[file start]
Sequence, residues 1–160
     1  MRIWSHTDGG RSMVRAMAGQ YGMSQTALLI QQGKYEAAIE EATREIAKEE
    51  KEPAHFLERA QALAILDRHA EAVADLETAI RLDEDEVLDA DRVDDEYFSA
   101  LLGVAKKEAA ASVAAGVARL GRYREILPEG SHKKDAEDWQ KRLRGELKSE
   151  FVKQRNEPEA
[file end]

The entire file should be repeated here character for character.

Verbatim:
Sequence, residues 1–160
     1  MRIWSHTDGG RSMVRAMAGQ YGMSQTALLI QQGKYEAAIE EATREIAKEE
    51  KEPAHFLERA QALAILDRHA EAVADLETAI RLDEDEVLDA DRVDDEYFSA
   101  LLGVAKKEAA ASVAAGVARL GRYREILPEG SHKKDAEDWQ KRLRGELKSE
   151  FVKQRNEPEA